(**
- [ (X * Y) [ X |-> 1] ] is [ 1 * Y ], not [Y].
- [ (X + 1) [ X |-> 1] ] is [ 1 + 1 ], not [2].
Remark. [1 * Y] and [Y] are two different program expressions although their
values are always the same.
*)
(** We can also apply symbolic substitution on a boolean expression.
Specifically, for a boolean-type expression [B] and an integer-type expression
[E0], we use
B [X |-> E0]
to represent the result of replacing every occurence of program variable [X]
with [E0] in [B], e.g.
(!(X <= Y))[X |-> 0]
is [ ! (0 <= Y) ].
*)
(* ================================================================= *)
(** ** Symbolic substitution in assertions *)
(** We can also define symbolic substitution in assertions. We use
P [X |-> E0]
to represent the result of replacing every occurence of program variable [X]
with program expression [E0] in assertion [P]. For example,
({[X + Y <= Z]} AND 0 <= {[X]} + {[Y]}) [X |-> X - Y]
({[X + Y <= Z]} AND 0 <= {[X]} + {[Y]}) [X |-> x]
({[X + Y <= Z]} AND 0 <= {[X]} + {[Y]}) [X |-> 0]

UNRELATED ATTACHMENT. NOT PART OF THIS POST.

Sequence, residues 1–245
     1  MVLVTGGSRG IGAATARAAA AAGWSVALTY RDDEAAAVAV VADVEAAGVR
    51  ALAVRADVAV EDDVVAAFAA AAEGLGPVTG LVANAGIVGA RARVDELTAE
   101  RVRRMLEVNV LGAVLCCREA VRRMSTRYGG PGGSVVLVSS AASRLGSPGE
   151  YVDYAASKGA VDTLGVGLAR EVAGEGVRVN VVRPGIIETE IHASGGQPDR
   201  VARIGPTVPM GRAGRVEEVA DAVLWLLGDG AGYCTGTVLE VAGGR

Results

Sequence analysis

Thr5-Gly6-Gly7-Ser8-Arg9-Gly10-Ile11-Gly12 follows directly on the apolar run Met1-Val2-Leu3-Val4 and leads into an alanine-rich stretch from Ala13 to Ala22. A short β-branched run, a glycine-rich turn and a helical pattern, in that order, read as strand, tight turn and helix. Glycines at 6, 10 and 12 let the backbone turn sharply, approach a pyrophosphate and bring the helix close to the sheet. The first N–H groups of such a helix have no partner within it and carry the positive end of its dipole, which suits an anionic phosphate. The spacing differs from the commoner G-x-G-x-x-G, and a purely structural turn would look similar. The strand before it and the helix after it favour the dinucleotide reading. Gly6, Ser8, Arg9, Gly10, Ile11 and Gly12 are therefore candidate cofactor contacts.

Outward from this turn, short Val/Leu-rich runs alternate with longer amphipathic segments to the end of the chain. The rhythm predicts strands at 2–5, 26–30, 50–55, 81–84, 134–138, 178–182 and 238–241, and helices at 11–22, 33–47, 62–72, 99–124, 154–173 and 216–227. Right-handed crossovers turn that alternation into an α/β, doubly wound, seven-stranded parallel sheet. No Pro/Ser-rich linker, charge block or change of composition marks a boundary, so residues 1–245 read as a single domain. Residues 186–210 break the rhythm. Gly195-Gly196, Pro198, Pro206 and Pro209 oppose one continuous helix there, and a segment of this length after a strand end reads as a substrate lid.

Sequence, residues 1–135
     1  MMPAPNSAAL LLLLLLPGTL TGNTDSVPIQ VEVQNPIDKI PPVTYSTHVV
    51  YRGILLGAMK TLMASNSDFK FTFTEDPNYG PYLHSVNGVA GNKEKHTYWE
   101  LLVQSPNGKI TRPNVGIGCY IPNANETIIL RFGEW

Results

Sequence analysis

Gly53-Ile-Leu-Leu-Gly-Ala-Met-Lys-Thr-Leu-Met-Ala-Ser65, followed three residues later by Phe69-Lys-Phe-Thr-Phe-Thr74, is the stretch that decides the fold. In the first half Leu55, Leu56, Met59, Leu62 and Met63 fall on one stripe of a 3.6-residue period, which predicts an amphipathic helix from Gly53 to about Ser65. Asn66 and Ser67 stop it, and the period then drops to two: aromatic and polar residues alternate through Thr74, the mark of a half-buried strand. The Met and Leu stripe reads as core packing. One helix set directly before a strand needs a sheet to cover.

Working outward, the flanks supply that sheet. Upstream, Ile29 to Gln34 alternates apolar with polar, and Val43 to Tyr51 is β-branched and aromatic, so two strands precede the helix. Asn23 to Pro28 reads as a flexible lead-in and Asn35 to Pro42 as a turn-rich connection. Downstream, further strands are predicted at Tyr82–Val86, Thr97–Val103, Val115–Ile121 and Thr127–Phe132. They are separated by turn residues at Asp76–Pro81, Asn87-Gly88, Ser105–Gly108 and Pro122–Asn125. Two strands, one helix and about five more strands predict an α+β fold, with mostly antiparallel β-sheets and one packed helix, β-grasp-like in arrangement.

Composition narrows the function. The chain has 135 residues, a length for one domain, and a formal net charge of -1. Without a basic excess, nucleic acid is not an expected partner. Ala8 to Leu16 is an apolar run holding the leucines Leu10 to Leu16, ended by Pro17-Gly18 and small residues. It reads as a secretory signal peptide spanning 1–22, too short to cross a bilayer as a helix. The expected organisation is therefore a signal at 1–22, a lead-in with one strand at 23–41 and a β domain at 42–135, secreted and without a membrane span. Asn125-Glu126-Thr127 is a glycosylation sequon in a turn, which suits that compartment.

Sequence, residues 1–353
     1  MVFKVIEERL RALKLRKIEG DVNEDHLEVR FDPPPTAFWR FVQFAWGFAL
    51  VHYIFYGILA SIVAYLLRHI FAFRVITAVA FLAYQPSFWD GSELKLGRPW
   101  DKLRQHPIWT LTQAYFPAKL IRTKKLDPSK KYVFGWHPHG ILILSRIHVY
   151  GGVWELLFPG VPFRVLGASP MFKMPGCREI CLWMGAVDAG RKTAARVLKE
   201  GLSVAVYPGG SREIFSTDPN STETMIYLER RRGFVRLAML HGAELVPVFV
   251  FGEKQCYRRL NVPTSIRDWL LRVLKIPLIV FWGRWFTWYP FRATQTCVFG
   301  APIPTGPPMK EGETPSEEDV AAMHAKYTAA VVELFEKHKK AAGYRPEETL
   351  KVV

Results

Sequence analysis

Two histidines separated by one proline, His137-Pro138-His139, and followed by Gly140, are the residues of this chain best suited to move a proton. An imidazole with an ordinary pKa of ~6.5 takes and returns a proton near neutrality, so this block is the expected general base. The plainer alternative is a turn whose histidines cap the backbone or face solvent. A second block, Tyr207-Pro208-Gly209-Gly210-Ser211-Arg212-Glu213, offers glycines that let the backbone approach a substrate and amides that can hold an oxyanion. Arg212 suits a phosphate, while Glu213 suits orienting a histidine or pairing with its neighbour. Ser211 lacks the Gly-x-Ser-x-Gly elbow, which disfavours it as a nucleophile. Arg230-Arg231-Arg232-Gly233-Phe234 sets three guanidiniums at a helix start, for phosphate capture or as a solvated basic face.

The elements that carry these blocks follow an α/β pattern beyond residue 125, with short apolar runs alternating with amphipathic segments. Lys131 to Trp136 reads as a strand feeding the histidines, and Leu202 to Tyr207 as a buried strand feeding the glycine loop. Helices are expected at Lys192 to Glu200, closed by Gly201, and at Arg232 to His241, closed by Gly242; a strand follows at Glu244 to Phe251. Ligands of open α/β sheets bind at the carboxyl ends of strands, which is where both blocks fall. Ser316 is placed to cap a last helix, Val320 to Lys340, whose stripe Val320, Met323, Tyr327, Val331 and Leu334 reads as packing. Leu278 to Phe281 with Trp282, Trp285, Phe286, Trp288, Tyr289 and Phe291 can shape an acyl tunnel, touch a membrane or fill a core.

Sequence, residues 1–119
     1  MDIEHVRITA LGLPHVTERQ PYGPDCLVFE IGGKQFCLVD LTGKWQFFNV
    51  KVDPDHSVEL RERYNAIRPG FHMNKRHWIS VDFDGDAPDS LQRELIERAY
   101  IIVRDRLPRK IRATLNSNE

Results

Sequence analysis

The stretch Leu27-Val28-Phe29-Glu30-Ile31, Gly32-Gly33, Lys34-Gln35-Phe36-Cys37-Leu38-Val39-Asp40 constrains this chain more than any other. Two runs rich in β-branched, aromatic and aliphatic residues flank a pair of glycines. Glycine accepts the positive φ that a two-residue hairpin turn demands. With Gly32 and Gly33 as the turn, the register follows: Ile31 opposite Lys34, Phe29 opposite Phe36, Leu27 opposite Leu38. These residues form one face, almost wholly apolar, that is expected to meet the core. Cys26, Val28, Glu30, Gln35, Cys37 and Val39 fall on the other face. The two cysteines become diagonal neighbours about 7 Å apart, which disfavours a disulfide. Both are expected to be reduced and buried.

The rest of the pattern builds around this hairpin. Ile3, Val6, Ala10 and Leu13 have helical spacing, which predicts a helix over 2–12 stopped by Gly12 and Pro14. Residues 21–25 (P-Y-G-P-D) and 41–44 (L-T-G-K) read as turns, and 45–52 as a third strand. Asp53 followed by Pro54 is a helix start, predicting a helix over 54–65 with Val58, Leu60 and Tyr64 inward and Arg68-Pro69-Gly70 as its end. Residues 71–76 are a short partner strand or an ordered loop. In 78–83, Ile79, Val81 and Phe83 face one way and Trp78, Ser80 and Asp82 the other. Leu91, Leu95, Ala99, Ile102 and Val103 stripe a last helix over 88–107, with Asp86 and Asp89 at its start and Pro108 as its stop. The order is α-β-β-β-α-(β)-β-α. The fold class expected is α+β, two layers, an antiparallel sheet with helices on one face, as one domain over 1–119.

are
{[(X - Y) + Y <= Z]} AND 0 <= {[X - Y]} + {[Y]}
{[x + Y <= Z]} AND 0 <= {[x]} + {[Y]}.
{[0 + Y <= Z]} AND 0 <= {[0]} + {[Y]}.
In other words, the effect of symbolic substitution on an assertion [P] is
applying substitution on those program expressions mentioned in [P]. *)
(* ################################################################# *)
(** * Assignment rule (forward) *)
(** The following axiom describes the behavior of assignment commands. *)
Axiom hoare_asgn_fwd : forall P `(X: var) E,
{{ P }}
X ::= E
{{ EXISTS x, P [X |-> x] AND {[X]} = {[ E [X |-> x] ]} }}.
(** Write down the postcondition described by [hoare_asgn_fwd].
{{ {[X]} = x AND {[Y]} = y }}
TEMP ::= X;;
{{ ??? }}
*)
(** [ EXISTS x0, {[x0]} = x AND {[Y]} = y AND {[TEMP]} = {[x]} ] *)
(** Write down the postcondition described by [hoare_asgn_fwd].
{{ 0 <= {[Y]} }}
X ::= Y;;
{{ ??? }}
*)
(** [ EXISTS x0, 0 <= {[Y]} AND {[X]} = {[Y]} ] *)
(** Write down the postcondition described by [hoare_asgn_fwd].
{{ n * {[Y]} + {[X]} = m AND 0 <= {[X]} AND {[n <= X]} }}
X ::= X - n
{{ ??? }}
*)
(** [ EXISTS x0, n * {[Y]} + {[x0]} = m AND 0 <= {[x0]} AND {[n <= x0]} AND {[X]} = {[x0 - n]} ] *)
(** Write down the postcondition described by [hoare_asgn_fwd].
{{ n * {[Y]} + {[X]} + n = m AND 0 <= {[X]} }}
Y ::= Y + 1
{{ ??? }}
*)
(** [ EXISTS y0, n * {[y0]} + {[X]} + n = m AND 0 <= {[X]} AND {[Y]} = {[y0 + 1]} ] *)
(** Write down the postcondition described by [hoare_asgn_fwd].
{{ {[X]} = x AND {[Y]} = y }}
X ::= X + Y;;
{{ ??? }}
*)
(** [ EXISTS x0, {[x0]} = x AND {[Y]} = y AND {[X]} = {[x0 + Y]} ] *)